[June 2021] On the day of our Workation in Edinburgh, we took a long lunch break and went to see St Giles’ Cathedral in the old town.
Although our guidebook says the cathedral is open until 7 pm, when I looked it up online, it was shortened to 2 pm.
I’ve been to Edinburgh several times, but I’ve never been to the cathedral and wanted to see it once.
When we went out in the daytime instead of after work, the town was lively, partly because the shops were open.
We also saw the Scottish Socialist Party raising a flag and running a campaign.
They were saying that “Scottish independence is important for workers”.
We are interested in what will happen to their independence movement in Scotland.
Now, we arrived at St Giles’ Cathedral.
Just like the church in London where we were vaccinated for Covid, the entrance and exit were separated and masks were checked.
The church has nice pillars, ceilings and stained glasses, but as a cathedral, it was small.
My husband said, “It’s a well-maintained church and has a warm atmosphere.”
The “Thistle Chapel,” which the guidebook says should not be missed, was certainly gorgeous.
We could not get inside, but could see the impressive ceiling with the intricate sculptures.
Built in 1911, this chapel is for the Knights of the Thistle, the highest honour in Scotland.
By the way, this St Giles Cathedral is regarded as the highest of the Church of Scotland.
What I did not know was that the Church of Scotland and the Church of England are completely different denominations.
I had thought that only names were different, but according to Gran, the guide to the graveyard tour we joined the day before, said “The Church of England is close to Catholicism, and there are churches and bishops between God and the general public. There is a hierarchy. But in the Church of Scotland, people are evenly lined up under God. ”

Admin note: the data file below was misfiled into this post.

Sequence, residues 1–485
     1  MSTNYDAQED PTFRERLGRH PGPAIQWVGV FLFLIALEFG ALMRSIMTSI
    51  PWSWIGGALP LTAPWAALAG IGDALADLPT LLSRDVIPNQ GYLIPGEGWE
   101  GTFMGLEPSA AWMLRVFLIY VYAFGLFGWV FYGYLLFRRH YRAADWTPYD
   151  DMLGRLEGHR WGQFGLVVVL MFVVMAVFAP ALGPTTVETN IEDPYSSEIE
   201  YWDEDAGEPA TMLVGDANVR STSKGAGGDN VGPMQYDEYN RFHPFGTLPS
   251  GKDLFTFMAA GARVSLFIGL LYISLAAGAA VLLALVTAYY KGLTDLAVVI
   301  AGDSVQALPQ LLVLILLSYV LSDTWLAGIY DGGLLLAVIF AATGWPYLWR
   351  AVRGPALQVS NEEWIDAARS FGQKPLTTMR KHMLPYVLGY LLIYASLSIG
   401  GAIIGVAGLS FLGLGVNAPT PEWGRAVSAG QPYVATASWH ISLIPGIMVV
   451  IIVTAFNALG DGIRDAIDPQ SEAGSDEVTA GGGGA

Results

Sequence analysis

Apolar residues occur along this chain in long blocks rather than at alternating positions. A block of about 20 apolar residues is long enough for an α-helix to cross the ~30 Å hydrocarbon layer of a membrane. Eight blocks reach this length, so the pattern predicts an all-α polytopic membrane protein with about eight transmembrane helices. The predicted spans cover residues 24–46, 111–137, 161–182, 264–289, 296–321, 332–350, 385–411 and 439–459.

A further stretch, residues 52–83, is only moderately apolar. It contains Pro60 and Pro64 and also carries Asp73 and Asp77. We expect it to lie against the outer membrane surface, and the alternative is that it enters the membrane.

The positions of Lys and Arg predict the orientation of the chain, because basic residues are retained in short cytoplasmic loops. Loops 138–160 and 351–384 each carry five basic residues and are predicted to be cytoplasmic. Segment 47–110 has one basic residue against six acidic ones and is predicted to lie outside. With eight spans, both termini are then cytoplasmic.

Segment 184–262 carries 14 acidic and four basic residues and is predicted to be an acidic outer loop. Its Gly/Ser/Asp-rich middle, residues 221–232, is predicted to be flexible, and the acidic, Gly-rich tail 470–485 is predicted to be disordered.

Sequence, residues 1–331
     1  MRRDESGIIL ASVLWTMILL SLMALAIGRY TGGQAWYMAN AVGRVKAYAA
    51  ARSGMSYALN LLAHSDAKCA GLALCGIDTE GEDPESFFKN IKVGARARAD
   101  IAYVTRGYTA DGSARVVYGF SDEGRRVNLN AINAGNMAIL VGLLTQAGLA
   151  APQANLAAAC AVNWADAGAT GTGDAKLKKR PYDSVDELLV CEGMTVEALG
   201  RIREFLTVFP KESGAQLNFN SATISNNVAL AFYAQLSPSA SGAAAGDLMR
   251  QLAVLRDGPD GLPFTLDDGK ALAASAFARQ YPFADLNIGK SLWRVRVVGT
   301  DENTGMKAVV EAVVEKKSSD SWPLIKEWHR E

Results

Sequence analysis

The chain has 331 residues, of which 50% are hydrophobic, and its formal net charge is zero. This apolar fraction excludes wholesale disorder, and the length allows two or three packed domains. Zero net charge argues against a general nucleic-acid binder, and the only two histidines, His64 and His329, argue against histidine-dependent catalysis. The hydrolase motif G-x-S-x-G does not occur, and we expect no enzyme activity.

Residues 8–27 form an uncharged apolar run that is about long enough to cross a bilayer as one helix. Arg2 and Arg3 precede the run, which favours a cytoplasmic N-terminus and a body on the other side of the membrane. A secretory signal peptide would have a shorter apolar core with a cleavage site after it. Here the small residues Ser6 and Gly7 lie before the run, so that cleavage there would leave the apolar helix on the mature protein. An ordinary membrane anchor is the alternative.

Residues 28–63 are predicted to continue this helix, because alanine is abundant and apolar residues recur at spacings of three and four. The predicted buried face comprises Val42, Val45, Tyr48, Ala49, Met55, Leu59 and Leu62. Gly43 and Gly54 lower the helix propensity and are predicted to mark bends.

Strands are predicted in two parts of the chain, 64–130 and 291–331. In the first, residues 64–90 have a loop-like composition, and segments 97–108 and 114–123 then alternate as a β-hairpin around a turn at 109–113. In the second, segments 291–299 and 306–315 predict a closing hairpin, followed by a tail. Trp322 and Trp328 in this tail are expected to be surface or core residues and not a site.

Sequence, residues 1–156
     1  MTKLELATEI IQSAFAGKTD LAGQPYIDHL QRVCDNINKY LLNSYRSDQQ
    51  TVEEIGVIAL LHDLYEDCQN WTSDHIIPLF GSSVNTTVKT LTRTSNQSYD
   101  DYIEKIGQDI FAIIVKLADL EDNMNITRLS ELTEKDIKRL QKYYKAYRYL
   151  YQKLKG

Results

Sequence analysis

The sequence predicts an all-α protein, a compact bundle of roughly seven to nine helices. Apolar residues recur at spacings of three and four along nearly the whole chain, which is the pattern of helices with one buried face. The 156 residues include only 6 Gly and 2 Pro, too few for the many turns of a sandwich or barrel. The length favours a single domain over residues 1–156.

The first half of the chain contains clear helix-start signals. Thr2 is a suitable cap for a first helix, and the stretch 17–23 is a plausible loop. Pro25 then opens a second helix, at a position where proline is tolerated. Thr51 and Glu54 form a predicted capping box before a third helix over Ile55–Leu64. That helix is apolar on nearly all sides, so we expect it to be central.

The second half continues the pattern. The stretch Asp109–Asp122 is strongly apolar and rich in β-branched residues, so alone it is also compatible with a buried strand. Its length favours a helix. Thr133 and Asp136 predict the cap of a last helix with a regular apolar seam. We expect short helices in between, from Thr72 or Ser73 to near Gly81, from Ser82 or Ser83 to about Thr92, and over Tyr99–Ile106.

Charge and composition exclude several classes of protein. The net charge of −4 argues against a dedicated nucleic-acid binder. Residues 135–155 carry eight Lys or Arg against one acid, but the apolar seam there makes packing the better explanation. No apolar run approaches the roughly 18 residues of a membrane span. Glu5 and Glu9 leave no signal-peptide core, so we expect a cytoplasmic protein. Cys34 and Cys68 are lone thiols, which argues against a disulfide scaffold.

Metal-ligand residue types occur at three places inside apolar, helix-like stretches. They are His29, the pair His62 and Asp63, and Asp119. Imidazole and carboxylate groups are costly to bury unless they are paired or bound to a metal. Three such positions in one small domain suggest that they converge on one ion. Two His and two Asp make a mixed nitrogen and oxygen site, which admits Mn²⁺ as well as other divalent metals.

In the first place, when the original St Giles’ Cathedral was built in the 12th century and until 1559 it was a Catholic church.
In 1559, Rev. John Knox, who studied under Calvin, the leader of the Reformation, preached here and was appointed as the minister of this cathedral that year, St. Giles became the Protestant Presbyterian Church.
Even after that, it seems that there were complicated twists and turns involving a deep feud with England, and it seems that I can not understand it properly unless I read many books.
And I am not that keen, though I’ve just read the long novel “Q” about the Reformation, so I’m a little interested.
In one episode regarding the cathedral, in 1637, when King Charles I of England forced the English prayer, the Book of Common Prayer, to be used in St Giles’ Cathedral, a woman named Jenny Geddes threw a stool at the pastor and that this event developed into a riot.
It is said that this case led to the National Covenant to maintain the Presbyterian system the following year.
In 1992, a sculpture in the shape of this thrown stool was made and placed inside the cathedral.
There was also a copy of the National Covenant.
Eleven years ago, when we travelled to the Highlands on a tour, our guide said, “History of Scotland is the history of the fight against England.”
And the fact that this stool sculpture was made in recent years shows that Scottish people still have a strong spirit of independence and anti-England.
With this background, the recent independence movement is even more interesting.
It would be fascinating to see if the UK, which consists of four countries, would no longer be the UK during our generation, wouldn’t it.